Just when you think you’ve had a close encounter with an alien ship you find out it was more than likely a marketing ploy.

As we reported previously, several videos posted to YouTube last week appeared to show a strange ball of light hovering above a Jerusalem shrine before disappearing into the night. At first the clips seemed convincing because they were shot from different angles – but now they seem to be an elaborate hoax. And now the video has even been pulled from YouTube.

It’s very likely that they’re part of a viral marketing stunt for a Hollywood movie. Several skeptical YouTube users have pointed out how the UFO clips appear to have been digitally manipulated. That hasn’t stopped one of the videos clocking in more than a million views, just a few weeks before the release of the movie “Battle: Los Angeles.”

Official teasers for the alien invasion flick use footage from documented UFO sightings to promote the film, and its marketing team has dabbled in online stunts before.

Last June posters at the Comic-Con expo directed people to reportthreats.org, a website apparently run by a group called Worldwide Assessment of Threats Concerning Humankind, or WATCH. The website was, of course, part of the promotional campaign for the film.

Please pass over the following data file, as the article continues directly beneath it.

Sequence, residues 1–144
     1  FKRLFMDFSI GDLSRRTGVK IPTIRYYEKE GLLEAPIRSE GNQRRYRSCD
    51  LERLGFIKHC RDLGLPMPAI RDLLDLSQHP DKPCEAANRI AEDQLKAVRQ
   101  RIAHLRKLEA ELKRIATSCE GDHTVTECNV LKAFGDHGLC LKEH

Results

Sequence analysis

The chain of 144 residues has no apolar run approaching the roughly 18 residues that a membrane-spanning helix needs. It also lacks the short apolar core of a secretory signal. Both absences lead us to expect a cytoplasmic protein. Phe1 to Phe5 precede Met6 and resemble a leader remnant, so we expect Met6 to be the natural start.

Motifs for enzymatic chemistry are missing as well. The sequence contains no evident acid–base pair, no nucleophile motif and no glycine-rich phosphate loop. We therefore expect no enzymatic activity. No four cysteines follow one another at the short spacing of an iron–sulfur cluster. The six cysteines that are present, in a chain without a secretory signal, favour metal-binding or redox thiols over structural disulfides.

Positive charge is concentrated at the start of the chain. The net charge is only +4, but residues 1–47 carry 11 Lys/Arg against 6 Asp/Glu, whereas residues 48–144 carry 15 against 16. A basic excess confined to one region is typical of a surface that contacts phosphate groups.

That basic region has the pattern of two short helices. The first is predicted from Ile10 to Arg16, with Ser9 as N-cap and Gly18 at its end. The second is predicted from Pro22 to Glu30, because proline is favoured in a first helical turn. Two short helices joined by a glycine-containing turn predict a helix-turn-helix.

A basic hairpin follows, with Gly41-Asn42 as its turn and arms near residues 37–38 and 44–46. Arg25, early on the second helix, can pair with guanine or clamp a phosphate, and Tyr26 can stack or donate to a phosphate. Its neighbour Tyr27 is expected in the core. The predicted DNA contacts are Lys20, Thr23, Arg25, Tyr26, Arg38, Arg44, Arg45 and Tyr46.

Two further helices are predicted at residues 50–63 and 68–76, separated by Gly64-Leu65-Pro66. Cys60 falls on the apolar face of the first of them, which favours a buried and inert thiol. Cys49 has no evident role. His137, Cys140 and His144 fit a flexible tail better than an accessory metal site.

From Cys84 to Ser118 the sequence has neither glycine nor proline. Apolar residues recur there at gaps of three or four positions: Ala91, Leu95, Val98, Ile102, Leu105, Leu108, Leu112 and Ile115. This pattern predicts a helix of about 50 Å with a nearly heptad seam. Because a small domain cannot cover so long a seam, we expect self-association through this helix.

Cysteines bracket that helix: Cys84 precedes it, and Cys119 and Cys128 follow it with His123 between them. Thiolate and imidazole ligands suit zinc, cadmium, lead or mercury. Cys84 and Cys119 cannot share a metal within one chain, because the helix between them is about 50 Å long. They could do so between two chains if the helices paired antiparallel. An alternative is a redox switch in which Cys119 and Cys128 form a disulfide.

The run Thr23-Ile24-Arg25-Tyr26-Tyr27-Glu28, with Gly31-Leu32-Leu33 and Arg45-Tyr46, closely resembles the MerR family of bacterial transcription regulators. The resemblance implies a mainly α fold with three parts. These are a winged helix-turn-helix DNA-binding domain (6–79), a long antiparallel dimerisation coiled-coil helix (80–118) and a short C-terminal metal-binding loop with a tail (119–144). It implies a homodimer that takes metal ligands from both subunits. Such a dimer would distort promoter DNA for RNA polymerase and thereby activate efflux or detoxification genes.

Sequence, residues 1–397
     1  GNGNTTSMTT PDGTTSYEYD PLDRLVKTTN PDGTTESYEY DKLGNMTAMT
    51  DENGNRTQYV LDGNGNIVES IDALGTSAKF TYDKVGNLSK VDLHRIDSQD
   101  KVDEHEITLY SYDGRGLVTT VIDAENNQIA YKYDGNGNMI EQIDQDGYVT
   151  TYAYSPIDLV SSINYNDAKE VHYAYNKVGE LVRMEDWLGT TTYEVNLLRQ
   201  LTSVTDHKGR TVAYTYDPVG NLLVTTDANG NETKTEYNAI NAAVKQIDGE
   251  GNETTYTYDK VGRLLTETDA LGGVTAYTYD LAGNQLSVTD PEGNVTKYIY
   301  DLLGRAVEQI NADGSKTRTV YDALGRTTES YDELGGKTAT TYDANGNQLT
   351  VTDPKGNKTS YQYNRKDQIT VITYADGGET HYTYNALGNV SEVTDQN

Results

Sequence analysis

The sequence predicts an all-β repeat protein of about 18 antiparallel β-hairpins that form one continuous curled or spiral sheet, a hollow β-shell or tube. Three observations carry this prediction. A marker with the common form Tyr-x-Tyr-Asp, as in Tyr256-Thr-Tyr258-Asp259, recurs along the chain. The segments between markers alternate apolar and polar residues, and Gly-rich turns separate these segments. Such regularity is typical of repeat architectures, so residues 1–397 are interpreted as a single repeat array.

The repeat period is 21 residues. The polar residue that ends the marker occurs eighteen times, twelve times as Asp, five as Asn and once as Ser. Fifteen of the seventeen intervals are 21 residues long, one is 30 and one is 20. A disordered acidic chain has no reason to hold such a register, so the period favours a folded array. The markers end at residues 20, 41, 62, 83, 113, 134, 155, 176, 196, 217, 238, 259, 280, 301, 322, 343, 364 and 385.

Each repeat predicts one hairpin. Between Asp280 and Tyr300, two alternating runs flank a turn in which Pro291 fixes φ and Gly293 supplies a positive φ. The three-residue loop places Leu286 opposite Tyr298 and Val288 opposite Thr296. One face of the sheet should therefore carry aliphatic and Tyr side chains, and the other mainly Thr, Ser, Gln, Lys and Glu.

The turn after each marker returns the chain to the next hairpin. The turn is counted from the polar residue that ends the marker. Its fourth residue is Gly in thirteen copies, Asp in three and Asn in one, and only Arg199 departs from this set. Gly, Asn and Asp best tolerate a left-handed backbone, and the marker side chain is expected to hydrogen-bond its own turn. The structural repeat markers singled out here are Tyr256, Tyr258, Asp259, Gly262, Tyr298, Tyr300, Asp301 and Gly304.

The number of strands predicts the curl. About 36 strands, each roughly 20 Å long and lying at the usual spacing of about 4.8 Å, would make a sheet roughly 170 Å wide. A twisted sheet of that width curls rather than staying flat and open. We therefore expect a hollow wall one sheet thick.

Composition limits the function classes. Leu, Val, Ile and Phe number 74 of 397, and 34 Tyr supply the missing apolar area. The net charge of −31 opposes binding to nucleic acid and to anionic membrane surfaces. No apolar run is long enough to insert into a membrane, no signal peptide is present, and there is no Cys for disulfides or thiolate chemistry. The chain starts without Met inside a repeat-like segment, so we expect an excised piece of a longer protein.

The videos show a circular object descending slowly over the holy city’s iconic Dome of the Rock before flickering and shooting skyward like a rocket. Similar clips have been seen before and debunked as hoaxes. But this latest sighting had been proving more difficult to dismiss — as it was recorded from four different perspectives.

Adding to the mystery is the fact that flying over the Dome of the Rock landmark — an ancient Islamic shrine — is forbidden.

Last week, former Ministry of Defense UFO investigator Nick Pope said, “if these are real, they are some of the most incredible videos ever shot. If they are not, then this is a very well-planned and coordinated hoax designed to eliminate elements of doubt.”

Promoting a movie with effective marketing is one thing; attempting to trick the public is a totally different matter entirely. Surely there will be those who will harbor hard feelings over this type of “media manipulation,” which in turn may translate into a lower turnout at the box office.